University of Melbourne, Australia
This paper investigates the relation between the use of the Preterit (e.g. Juan llegó ‘Juan arrived’) and the Present Perfect (PP) (e.g. Juan ha llegado ‘Juan has arrived’) and a set of sociolinguistic variables in Argentinian River Plate Spanish (ARPS). It also challenges the established Saussurean position in linguistics that “internal analysis is the serious business while external factors are of no central concern” (Milroy 2001: 552). Previous cross-linguistic studies have noted the prevailing use of the PP to encode perfective (i.e. finished) situations in the past in various languages including French, German, Northern Italian and Spanish (Comrie 1976; Bybee, Perkins and Pagliuca 1994; Schwenter 1994). However, ARPS does not fit the proposed historical development for Spanish. Moreover, these proposals do not account for the ways in which linguistic-external factors influence language change. The present paper analyzes 10 hours of casual conversation (24 speakers), written questionnaires (100 speakers), and 21 newspaper articles. The Preterit prevails over the PP throughout (e.g. 4.8% PP versus 85.4% Preterit in newspaper data). A statistical analysis of the interaction between linguistic variables (e.g. presence of temporal/frequency adverbials e.g. hoy ‘today’ and ya ‘already’), and the sociolinguistic variables of style, age, education, and gender was utilized. Findings suggest that (1) contrary to claims by Dahl (1985), time and frequency adverbials do not trigger PP usage; (2) the PP is used more frequently in formal styles; (3) university-educated informants and women employ the PP more often.This sociolinguistic distribution indicates that the PP is a conservative linguistic variable in this dialect and that its use is favored by educated (female) speakers in formal styles (cf. Labov 2001). It is suggested that the low percentage of occurrence of the PP hinders its grammaticalization into a perfective form, as high frequency of use is a prerequisite for automation of language structure (Bybee 2003). I conclude by discussing language use as a mirror to the social realities of a given speech community, and ground this in the all-important role of speakers in steering the direction of language change.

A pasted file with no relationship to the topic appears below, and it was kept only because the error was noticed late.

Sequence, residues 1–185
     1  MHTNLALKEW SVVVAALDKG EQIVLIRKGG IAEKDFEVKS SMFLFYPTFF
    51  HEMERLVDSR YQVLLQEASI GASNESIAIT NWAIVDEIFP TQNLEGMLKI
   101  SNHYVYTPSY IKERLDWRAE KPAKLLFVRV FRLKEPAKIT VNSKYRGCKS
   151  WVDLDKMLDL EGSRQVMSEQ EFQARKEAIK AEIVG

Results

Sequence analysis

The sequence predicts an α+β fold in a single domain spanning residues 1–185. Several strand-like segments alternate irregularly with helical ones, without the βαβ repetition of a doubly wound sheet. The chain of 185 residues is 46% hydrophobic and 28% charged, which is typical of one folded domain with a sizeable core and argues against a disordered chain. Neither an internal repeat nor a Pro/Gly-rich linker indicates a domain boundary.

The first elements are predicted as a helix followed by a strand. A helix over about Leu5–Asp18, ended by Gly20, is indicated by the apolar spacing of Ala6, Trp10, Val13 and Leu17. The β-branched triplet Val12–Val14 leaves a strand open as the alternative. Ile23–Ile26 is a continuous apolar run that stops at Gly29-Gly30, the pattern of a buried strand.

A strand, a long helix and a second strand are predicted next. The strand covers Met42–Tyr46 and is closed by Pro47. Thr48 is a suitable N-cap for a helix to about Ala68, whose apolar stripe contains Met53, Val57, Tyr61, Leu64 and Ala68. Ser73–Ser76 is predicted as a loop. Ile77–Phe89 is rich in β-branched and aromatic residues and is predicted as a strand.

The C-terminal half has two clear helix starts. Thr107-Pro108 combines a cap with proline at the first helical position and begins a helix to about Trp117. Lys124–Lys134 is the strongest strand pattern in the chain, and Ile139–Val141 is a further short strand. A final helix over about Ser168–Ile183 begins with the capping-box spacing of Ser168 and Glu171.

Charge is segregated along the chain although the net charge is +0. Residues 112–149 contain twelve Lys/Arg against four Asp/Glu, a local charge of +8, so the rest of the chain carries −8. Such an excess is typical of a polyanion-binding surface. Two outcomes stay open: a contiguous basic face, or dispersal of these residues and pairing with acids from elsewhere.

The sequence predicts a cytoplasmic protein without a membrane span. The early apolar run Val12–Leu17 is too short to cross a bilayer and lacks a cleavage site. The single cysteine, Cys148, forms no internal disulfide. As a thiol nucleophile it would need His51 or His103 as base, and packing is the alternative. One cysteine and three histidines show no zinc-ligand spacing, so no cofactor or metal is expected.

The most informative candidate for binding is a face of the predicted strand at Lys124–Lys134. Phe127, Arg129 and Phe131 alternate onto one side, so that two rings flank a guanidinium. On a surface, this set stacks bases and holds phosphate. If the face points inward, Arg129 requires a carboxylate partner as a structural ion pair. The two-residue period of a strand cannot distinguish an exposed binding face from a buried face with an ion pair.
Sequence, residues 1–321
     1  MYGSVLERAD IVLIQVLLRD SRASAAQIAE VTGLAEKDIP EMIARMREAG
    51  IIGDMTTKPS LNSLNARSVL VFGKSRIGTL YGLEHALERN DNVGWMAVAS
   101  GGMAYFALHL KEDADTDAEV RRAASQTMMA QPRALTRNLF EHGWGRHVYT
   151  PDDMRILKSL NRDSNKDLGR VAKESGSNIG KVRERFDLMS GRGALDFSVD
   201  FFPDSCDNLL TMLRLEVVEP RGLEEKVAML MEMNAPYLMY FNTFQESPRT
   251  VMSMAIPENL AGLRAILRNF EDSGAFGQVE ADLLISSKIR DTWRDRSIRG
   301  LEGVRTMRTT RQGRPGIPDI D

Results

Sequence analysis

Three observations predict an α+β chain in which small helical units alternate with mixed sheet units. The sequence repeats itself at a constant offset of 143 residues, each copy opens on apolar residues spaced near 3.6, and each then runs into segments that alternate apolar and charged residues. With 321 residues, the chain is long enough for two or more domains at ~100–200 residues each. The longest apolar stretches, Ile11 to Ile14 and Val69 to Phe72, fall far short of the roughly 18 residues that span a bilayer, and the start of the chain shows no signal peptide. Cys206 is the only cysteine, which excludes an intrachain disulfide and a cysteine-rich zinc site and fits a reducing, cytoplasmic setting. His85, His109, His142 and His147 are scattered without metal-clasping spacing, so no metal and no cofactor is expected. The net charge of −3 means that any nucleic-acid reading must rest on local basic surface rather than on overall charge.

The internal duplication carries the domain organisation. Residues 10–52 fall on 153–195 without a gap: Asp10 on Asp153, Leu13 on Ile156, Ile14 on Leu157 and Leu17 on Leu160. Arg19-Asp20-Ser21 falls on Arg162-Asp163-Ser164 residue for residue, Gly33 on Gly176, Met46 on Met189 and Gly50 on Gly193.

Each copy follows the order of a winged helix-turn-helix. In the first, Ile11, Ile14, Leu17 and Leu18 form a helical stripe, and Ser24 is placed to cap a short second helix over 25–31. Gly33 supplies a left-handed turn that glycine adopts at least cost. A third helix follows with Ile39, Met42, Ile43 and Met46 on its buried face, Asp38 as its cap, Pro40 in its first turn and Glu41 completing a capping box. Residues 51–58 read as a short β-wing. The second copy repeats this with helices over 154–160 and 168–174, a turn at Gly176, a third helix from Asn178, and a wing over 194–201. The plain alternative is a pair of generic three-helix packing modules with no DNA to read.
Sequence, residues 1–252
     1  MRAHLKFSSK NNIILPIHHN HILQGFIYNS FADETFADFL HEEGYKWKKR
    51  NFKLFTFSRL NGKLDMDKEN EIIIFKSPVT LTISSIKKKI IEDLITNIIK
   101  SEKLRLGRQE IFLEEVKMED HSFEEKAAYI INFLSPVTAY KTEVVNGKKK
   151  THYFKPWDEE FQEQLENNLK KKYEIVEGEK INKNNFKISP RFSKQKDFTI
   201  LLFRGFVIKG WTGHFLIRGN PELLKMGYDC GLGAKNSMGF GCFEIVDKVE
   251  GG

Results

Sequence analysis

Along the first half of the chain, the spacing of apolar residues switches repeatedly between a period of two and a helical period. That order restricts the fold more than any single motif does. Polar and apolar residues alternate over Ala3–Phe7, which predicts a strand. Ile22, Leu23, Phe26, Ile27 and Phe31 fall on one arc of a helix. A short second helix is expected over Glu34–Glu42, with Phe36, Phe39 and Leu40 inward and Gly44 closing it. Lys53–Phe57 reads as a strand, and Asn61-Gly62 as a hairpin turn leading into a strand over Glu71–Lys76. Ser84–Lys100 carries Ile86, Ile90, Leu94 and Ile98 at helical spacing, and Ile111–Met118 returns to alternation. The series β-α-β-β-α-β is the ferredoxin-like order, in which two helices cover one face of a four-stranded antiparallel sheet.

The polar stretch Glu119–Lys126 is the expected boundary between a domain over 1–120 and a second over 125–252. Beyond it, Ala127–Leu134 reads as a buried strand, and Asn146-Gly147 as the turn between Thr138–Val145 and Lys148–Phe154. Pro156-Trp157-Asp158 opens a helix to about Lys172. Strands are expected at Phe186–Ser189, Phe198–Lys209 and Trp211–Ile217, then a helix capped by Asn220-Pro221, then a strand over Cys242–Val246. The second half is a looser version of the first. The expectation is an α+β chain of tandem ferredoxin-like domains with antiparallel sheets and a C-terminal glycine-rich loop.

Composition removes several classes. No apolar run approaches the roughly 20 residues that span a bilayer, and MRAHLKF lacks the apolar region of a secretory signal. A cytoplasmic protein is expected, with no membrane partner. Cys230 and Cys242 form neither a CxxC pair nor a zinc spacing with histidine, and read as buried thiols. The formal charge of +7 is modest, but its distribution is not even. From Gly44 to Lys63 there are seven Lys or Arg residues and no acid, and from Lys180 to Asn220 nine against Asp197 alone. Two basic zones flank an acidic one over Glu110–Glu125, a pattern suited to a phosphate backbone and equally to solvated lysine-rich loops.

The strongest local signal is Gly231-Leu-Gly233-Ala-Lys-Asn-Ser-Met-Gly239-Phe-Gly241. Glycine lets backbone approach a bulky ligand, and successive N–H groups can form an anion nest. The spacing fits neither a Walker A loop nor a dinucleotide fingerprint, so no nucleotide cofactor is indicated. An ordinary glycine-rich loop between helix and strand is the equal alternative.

Bybee, J., Perkins, R. and Pagliuca, W. 1994. The evolution of grammar: The grammaticalization of tense, aspect, and modality in the languages of the world. Chicago: University of Chicago Press.
Bybee, J. 2003. Mechanisms of change in grammaticization: The role of frequency. In R. Janda and B. Joseph (eds.), Handbook of historical linguistics. Oxford: Blackwell.
Comrie, B. 1976. Aspect. Cambridge: Cambridge University Press.
Dahl, Ö. 1985. Tense and aspect Systems. New York: Basil Blackwell.
Labov, W. 2001. Principles of linguistic change: Social factors. London: Blackwell.
Milroy, J. 2001. Language ideologies and the consequences of standardization. Journal of Sociolinguistics 5/4: 530-555.
Schwenter, S. A. 1994. The grammaticalization of an anterior in progress: Evidence from a peninsular Spanish dialect. Studies in Language 18-1: 71-111.
Session: Paper session
Variation 2 (Grammar)
Thursday, April 3, 2008, 13:45-15:15